Blaze Pizza sustainability

The ongoing discussion of sustainability in the restaurant space tends to put packaging at center stage. But big announcements from big brands in recent years around the sustainability of ingredients means culinary leaders have a new hat to wear.

Blaze Executive Chef Brad Kent takes that role seriously, and he said the concept backs sometimes difficult solutions when it comes to sustainability. But it means a better product for the consumer and the planet.

Read the Q&A with Kent below:

How do you think about sustainability in your role?

I think about sustainability with every decision I make for Blaze. Selecting products and choosing vendor partners always includes a deep dive understanding of their sourcing and company culture. At Blaze, we care deeply about the environment and make decisions on suppliers’ approaches toward protecting the planet and resources.

Walk me through sourcing your own yellow peppers.

Nothing natural existed in the market and all those that were available contained preservatives and artificial colors. I worked with a number of suppliers until one was willing to make the proposed natural product formulation and process changes to create a product that met our standards for quality and safety. This product is produced in the U.S. and uses raw materials farmed in North America.

How do you quantify the impact there?

Most pickled banana peppers are produced outside of the U.S. The carbon impact of shipping products across oceans is very high and we make strides whenever possible to source more locally.

Further, this product is all natural. So, when the pickling liquid is drained off the product, we are putting turmeric, salt and vinegar down the drain as opposed to the other products that would put sulfites, artificial yellow color and preservatives down in our water supply.

What did it take to get those going and keep those going?

All it took was asking the right questions, refusing to take “no” as an answer, and sticking to our standards for quality and eye on our environment as a priority.

What about packaging?

Blaze's pizza boxes are Forestry Initiative supporting. Every piece of cutlery or to-go containers in our restaurants is either made from recycled materials, recyclable or biodegradable. Our flour in the U.S. and Middle East is sourced from a partner that contributes a large amount of resources to regenerative agriculture and has in the past few years accomplished converting large acreages of U.S. farmland from conventional farming using multiple chemical inputs to minimal, all-natural agricultural inputs.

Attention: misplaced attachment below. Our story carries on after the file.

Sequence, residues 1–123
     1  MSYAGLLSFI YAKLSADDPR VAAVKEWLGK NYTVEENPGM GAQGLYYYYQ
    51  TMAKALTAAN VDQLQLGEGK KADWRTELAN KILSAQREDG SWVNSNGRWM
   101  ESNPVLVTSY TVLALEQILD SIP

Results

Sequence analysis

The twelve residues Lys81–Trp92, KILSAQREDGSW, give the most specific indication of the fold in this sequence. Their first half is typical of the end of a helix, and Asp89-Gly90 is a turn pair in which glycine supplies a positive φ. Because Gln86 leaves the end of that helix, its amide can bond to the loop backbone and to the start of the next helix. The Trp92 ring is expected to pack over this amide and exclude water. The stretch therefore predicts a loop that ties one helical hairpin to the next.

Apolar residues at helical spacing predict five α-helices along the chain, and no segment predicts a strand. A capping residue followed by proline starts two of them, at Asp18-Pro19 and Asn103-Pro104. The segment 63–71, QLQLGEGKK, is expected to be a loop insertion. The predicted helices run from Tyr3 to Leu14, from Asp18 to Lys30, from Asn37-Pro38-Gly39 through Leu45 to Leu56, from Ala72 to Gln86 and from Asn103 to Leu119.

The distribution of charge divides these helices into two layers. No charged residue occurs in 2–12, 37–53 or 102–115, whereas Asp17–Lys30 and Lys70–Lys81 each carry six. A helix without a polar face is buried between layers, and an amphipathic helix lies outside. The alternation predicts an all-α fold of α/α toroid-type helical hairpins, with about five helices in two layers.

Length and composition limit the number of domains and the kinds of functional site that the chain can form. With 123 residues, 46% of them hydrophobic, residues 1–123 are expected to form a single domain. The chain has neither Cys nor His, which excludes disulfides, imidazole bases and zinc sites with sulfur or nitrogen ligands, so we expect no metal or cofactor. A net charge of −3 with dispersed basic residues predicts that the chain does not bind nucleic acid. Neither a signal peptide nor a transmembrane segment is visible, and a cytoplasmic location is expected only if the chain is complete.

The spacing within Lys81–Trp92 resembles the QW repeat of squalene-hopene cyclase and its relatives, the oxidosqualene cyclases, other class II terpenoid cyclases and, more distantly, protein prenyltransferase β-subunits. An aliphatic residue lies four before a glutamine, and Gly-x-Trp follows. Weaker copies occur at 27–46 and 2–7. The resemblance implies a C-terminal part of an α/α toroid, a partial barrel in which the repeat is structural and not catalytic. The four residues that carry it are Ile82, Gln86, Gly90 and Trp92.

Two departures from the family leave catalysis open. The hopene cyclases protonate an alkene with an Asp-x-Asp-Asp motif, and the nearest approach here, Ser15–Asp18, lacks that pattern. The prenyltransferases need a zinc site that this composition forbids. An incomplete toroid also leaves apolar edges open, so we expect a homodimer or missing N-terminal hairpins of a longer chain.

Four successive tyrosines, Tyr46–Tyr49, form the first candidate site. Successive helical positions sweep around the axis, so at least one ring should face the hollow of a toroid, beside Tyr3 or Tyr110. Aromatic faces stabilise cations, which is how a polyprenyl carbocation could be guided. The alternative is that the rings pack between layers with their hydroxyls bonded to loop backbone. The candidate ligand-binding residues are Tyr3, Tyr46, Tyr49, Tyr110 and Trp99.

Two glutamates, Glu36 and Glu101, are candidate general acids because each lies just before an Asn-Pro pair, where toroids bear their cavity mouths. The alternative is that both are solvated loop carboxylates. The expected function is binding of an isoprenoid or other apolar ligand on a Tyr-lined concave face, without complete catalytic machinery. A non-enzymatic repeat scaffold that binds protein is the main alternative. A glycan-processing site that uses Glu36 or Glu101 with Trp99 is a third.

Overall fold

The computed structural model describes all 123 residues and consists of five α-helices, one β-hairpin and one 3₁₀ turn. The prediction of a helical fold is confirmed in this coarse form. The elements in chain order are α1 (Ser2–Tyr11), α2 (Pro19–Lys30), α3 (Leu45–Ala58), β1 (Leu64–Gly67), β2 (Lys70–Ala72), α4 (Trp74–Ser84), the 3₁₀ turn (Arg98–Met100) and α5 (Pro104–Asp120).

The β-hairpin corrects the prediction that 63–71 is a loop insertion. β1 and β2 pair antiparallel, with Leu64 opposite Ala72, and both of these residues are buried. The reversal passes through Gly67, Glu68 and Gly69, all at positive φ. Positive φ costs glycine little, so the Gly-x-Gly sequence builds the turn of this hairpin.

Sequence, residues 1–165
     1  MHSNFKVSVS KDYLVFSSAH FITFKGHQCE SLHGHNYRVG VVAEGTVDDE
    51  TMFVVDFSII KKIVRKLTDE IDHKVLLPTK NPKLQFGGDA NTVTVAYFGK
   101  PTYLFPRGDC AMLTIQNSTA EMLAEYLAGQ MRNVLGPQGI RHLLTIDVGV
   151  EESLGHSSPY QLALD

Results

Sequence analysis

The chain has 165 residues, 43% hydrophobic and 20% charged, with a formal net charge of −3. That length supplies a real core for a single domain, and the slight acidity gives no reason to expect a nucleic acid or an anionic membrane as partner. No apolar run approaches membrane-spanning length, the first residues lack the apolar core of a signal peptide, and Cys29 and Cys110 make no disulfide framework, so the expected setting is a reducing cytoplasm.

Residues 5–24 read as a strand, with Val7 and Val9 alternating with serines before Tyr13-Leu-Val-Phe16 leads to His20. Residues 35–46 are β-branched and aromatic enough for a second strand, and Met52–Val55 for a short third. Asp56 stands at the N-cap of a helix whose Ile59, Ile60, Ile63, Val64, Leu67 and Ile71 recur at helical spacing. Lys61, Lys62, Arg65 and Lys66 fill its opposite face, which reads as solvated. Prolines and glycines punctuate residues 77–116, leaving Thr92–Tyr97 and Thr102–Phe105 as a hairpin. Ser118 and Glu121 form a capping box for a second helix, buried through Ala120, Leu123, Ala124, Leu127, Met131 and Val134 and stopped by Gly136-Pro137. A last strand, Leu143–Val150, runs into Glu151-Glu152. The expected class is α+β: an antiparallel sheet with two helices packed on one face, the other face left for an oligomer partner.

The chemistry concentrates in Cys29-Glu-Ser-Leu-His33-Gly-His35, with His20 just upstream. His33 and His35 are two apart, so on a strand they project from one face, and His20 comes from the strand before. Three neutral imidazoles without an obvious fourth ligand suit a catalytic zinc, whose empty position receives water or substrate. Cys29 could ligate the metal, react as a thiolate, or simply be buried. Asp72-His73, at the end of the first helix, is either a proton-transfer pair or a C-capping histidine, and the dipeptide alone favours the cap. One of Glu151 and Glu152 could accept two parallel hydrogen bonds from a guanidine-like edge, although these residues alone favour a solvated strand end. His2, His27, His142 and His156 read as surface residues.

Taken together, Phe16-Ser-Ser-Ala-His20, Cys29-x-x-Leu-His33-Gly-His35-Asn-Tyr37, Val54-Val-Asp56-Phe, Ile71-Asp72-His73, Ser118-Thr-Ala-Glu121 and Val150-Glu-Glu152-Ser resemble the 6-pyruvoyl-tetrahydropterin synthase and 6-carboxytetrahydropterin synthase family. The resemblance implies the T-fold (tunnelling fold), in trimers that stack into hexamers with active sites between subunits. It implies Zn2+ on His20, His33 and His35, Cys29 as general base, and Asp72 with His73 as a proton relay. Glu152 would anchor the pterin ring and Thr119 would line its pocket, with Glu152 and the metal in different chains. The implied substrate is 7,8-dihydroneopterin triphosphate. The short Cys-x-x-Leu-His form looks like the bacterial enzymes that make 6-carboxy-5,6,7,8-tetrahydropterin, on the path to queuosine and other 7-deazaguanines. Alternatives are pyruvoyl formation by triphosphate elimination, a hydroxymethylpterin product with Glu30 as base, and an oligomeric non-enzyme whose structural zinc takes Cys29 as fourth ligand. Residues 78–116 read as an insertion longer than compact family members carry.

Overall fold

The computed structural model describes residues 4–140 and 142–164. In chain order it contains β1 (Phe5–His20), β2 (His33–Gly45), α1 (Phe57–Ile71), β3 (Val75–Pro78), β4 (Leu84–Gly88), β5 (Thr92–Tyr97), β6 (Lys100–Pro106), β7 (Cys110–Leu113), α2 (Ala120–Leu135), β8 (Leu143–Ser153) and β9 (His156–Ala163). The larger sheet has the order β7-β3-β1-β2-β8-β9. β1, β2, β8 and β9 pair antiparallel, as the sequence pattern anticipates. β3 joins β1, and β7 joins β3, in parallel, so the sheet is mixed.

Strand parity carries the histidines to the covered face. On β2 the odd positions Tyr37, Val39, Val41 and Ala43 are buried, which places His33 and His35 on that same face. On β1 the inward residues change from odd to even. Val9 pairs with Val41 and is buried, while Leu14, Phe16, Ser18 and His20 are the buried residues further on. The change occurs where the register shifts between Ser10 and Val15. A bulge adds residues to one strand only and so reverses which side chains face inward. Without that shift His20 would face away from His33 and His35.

How about your giant containers of olive oil, what's the impact there?

This was a decision we forced into our distributor from location one of Blaze Pizza. It has since become a very important industry standard. We purchase single cultivar olive olive oil for our North American restaurants.

Not only is extra virgin olive oil a very sustainable product (cold processed, zero chemical inputs, non-GMO, all natural, low water agricultural product), but being packed in a bulk 20-liter bag in box package vastly reduces packing waste. The box is recyclable, shipping weight is drastically reduced and the quality of oil is retained much longer than the traditional can packaging.

How do you and Blaze think about the cost or complexity of these projects and what you can tackle?

Our focus is to make decisions that are good for people and our planet that also makes better pizzas. We hold up all decisions against these lens.

What is your best advice to replicate this across the industry?

Every restaurant should work directly with manufacturers and demand that distributors carry products that are better for people and the planet. Do not compromise.

The distribution/supply chain system in general is broken and as restaurants, we cannot simply accept their stocked products as products we use in restaurants. We need to demand better sourced and more mindful products to help fix that system.

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